“As we have done so many times over the past 4 and a half years, we request his captors to release him safely so that our only son can be reunited with his mother and father.

“BOWE — If you see this, continue to remain strong through patience. Your endurance will carry you to the finish line. Breathe!”

Bergdahl, who is from Idaho, joined the Army in 2008 and was assigned to the 25th Infantry Division in Fort Richardson, Alaska. Less than a year later, he was deployed as a machine gunner to a combat outpost in Paktika Province, Afghanistan, a militant hotbed.

On June 30, 2009, Bergdahl was reported missing after not showing up for morning roll call. The murky circumstances of his disappearance led some to label him a deserter. …

Full story


2/21/2014 Update

Taliban Say They Discussed Prison Swap With U.S.

This undated image provided by the U.S. Army shows Sgt. Bowe Bergdahl. Washington has held indirect talks with the Taliban over the possible transfer of five senior Taliban prisoners from Guantanamo Bay in exchange for a U.S. soldier captured in Afghanistan nearly five years ago, a senior Taliban official told The Associated Press. A U.S. official said the possibility of an exchange is under discussion but would not comment on whether any talks have yet occurred. (Photo credit: U.S. Army / AP)

By Kathy Gannon

February 20, 2014

ISLAMABAD, Pakistan (AP) — Washington has held indirect talks with the Taliban over the possible transfer of five senior Taliban prisoners from Guantanamo Bay in exchange for a U.S. soldier captured nearly five years ago, a senior Taliban official told The Associated Press.

Sgt. Bowe Bergdahl, 27, of Hailey, Idaho, was last seen in a video released in December [2013], footage seen as “proof of life” demanded by the United States. Bergdahl is believed to be held in the border regions between Afghanistan and Pakistan. He is the only U.S. soldier to be captured in America’s longest war, which began with the U.S.-led ouster of the Taliban regime in Afghanistan for sheltering al-Qaida in 2001 in the wake of the Sept. 11 terror attacks.

The talks, which the Taliban official said took place sometime over the past two months in a Middle East country, would be the first significant movement toward an exchange since it was last discussed by the U.S. and the Taliban in June 2013. …

The five Taliban detainees at the heart of the proposal are the most senior Afghans still held at the prison at the U.S. base in Cuba. Each has been held since 2002.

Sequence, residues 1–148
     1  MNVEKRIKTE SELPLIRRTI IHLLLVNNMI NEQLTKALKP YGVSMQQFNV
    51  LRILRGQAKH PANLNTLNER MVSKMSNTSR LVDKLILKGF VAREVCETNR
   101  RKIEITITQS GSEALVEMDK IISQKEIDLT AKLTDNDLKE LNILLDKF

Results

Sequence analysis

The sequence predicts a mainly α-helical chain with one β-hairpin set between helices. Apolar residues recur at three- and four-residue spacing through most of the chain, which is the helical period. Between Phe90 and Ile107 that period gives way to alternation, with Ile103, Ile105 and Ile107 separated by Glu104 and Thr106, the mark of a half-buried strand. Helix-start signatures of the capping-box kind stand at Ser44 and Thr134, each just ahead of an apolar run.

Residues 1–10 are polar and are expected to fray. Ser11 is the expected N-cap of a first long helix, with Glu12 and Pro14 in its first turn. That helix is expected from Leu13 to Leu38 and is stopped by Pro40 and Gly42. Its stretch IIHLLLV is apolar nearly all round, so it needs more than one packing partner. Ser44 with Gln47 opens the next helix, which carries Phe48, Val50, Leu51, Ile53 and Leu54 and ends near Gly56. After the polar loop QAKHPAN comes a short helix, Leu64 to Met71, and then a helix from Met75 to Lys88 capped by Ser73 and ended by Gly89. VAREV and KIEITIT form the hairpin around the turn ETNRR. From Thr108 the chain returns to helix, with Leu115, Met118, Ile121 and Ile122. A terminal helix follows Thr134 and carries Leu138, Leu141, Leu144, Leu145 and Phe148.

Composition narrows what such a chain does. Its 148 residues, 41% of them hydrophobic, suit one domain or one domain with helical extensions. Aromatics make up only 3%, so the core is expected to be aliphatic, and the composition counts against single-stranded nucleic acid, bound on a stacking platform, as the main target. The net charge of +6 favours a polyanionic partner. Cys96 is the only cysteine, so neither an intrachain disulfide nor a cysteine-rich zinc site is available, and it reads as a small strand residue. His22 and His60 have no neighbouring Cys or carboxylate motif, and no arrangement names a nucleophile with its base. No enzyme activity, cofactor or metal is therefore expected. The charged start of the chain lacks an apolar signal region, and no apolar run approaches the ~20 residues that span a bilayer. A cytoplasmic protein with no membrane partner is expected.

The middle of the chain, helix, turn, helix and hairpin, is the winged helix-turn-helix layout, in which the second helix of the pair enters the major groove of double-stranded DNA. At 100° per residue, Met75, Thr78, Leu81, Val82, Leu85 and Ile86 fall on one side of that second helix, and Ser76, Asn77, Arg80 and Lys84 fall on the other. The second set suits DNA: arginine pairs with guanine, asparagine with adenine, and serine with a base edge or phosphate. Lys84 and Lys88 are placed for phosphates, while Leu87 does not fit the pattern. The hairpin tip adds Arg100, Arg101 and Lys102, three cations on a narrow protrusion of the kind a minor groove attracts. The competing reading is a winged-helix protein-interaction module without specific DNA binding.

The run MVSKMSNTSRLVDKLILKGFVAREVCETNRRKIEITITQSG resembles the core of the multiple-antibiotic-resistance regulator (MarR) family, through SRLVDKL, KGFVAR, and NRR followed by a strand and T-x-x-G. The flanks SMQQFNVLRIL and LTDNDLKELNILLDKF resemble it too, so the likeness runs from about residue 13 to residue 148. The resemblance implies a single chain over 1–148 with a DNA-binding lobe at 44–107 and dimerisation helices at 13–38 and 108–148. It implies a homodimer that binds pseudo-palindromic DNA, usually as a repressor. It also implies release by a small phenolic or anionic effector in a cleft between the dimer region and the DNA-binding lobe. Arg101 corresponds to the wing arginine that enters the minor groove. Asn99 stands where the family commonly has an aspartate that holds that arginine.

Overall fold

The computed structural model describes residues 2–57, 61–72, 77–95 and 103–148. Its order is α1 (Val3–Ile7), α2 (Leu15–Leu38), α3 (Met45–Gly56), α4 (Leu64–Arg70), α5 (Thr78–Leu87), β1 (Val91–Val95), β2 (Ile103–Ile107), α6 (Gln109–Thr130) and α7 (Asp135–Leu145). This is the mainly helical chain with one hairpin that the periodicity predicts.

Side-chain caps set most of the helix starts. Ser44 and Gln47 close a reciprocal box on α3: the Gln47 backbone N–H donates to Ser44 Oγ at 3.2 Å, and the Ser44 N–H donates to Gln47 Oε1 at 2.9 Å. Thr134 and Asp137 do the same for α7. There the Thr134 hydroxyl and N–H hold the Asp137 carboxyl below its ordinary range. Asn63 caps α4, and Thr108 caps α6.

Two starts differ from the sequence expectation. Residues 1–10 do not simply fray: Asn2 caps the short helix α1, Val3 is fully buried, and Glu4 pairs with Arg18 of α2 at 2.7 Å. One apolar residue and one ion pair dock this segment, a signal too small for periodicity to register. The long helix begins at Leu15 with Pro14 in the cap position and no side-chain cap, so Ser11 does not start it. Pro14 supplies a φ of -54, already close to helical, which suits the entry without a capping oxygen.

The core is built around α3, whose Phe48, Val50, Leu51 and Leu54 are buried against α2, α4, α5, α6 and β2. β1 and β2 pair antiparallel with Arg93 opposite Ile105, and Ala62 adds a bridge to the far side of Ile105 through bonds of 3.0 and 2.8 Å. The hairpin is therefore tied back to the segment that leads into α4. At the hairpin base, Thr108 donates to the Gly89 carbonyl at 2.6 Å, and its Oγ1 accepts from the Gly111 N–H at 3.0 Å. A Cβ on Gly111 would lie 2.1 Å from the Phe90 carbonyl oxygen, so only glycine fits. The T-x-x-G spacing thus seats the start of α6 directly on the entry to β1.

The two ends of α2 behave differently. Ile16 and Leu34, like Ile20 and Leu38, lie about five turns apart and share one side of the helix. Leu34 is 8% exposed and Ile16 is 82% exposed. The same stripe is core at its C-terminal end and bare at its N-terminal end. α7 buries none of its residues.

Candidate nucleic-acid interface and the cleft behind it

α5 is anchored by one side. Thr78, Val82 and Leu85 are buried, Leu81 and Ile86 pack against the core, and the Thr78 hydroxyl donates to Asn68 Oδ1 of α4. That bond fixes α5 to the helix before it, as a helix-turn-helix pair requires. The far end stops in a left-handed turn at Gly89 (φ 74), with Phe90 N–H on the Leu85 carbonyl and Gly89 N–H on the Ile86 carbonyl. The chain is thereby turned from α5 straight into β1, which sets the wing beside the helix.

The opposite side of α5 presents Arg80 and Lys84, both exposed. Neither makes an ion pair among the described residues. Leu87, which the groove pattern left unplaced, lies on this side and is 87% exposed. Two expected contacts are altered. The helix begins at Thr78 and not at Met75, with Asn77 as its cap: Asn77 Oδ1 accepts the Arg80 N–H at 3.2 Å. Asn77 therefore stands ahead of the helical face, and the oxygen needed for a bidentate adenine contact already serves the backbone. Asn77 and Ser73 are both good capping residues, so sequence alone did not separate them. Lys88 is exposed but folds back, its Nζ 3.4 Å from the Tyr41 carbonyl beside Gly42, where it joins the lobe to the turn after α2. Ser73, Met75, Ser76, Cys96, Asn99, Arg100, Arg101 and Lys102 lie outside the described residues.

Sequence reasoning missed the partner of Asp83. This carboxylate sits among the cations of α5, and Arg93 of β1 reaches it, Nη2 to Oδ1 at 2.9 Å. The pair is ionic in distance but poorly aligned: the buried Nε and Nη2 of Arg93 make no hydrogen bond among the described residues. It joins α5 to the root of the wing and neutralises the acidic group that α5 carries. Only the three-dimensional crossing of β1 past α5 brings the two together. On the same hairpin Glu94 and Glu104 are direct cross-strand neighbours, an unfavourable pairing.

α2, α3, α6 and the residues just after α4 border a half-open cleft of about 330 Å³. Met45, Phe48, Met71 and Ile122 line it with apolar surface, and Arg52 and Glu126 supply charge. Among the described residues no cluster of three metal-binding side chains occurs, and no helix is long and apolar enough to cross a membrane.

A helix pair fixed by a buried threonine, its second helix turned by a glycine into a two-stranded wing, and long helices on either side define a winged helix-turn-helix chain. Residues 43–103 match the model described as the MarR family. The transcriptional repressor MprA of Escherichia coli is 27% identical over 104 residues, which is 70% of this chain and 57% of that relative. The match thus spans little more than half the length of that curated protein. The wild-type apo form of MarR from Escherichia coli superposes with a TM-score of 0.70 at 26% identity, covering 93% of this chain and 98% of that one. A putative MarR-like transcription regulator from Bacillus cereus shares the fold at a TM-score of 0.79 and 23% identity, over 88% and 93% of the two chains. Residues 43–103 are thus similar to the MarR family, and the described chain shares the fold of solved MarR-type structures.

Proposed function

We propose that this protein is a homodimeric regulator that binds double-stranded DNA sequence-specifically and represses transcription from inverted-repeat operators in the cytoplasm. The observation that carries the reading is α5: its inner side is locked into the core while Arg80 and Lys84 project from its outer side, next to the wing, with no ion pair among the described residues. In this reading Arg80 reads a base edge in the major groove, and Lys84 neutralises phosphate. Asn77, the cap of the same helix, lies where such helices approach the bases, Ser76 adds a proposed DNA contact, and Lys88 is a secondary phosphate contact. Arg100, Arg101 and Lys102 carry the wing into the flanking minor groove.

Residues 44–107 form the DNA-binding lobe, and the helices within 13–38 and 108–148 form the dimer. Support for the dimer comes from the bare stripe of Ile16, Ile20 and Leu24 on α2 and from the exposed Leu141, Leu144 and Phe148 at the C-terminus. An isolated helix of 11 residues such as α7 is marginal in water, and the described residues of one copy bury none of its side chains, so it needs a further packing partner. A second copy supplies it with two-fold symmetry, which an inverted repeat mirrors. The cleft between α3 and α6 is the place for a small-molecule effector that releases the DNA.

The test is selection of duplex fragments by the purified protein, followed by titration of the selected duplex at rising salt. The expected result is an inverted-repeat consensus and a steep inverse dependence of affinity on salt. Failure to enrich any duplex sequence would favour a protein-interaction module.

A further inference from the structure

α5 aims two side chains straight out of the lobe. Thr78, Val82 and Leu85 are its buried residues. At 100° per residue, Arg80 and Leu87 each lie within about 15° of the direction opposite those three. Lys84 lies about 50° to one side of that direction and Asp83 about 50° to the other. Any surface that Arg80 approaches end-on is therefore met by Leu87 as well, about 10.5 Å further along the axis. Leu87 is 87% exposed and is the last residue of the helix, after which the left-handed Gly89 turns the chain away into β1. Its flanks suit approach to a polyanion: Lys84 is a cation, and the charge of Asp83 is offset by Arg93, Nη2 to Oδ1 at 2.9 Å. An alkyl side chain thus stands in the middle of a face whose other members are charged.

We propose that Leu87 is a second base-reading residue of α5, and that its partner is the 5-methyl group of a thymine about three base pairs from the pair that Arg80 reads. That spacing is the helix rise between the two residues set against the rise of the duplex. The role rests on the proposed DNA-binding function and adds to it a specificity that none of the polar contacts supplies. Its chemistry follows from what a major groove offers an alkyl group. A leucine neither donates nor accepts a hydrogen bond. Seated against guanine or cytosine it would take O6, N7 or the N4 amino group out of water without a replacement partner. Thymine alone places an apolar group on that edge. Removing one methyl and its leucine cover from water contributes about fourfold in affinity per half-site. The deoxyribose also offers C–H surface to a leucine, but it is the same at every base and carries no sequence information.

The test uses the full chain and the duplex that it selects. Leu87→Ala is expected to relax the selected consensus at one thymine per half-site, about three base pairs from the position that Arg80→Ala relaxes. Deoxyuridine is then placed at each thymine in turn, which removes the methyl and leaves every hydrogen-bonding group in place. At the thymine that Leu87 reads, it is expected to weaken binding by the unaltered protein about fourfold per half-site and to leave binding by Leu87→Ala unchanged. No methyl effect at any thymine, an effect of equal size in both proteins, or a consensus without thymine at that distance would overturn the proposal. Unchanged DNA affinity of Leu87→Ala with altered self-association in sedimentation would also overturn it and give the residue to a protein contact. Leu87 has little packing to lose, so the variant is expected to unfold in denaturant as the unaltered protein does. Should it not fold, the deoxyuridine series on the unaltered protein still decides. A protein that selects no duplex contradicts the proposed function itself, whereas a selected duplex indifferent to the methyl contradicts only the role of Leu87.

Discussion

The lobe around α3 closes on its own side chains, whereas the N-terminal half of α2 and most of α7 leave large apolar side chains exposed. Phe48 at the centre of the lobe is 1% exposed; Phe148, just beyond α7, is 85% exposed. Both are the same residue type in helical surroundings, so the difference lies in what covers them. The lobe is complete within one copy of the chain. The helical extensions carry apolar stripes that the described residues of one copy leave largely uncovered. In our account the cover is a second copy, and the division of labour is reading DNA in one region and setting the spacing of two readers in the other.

They include:

— Mohammad Fazl, whom Human Rights Watch says could be prosecuted for war crimes for presiding over the mass killing of Shiite Muslims in Afghanistan in 2000 and 2001 as the Taliban sought to consolidate its control over the country.

— Abdul Haq Wasiq, who served as the Taliban deputy minister of intelligence and was in direct contact with supreme leader Mullah Omar as well as other senior Taliban figures, according to military documents. Under Wasiq, there were widespread accounts of killings, torture and mistreatment.

— Mullah Norullah Nori, who was a senior Taliban commander in the northern city of Mazar-e-Sharif when the Taliban fought U.S. forces in late 2001. He previously served as a Taliban governor in two northern provinces, where he has been accused of ordering the massacre of thousands of Shiites.

— Khairullah Khairkhwa, who served in various Taliban positions including interior minister and a military commander and had direct ties to Mullah Omar and Osama bin Laden, according to U.S. military documents. His U.S. lawyers have argued in court papers that his affiliation with the Taliban was a matter of circumstance, rather than ideology, and that he had backed away from them by the time of his capture. His lawyers also have argued that he was merely a civil servant and had no military role, though a judge found otherwise and said there was enough evidence to justify holding him at Guantanamo. His lawyers have appealed.

— Mohammed Nabi, who served as chief of security for the Taliban in Qalat, Afghanistan and later worked as a radio operator for the Taliban’s communications office in Kabul and as an office manager in the border department, according to U.S. military documents. In the spring of 2002, he told interrogators that he received about $500 from a CIA operative as part of the unsuccessful effort to track down Mullah Omar. When that didn’t pan out, he says he ended up helping the agency locate al-Qaida members.


5/31/2014 Update

Bowe Bergdahl, Army Sergeant Held by Taliban Since 2009, Is Released

By Jim Miklaszewski and Courtney Kube

May 31, 2014

The family of U.S. Army Sgt. Bowe Bergdahl said they were overjoyed when President Barack Obama personally called them Saturday and gave them the news they were hoping desperately to hear: Their son, captured by the Taliban in 2009, was finally coming home. …

Bergdahl, 28, was rescued in Afghanistan at 10:30 a.m. ET — in exchange for five prisoners who were held at the Guantanamo Bay detention center — and is back in the hands of the U.S. military, the officials said.